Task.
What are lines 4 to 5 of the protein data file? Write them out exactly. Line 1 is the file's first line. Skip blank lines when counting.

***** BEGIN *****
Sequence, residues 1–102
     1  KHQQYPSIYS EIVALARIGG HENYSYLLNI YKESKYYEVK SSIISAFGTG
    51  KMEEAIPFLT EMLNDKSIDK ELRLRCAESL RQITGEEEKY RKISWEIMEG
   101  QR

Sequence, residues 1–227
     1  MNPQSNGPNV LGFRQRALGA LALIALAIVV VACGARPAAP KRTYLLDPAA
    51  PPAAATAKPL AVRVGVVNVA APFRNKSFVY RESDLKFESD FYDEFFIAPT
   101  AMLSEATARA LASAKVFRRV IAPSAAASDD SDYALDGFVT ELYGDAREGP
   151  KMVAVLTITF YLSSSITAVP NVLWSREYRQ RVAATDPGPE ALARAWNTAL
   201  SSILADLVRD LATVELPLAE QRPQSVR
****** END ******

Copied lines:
   101  QR

Sequence, residues 1–227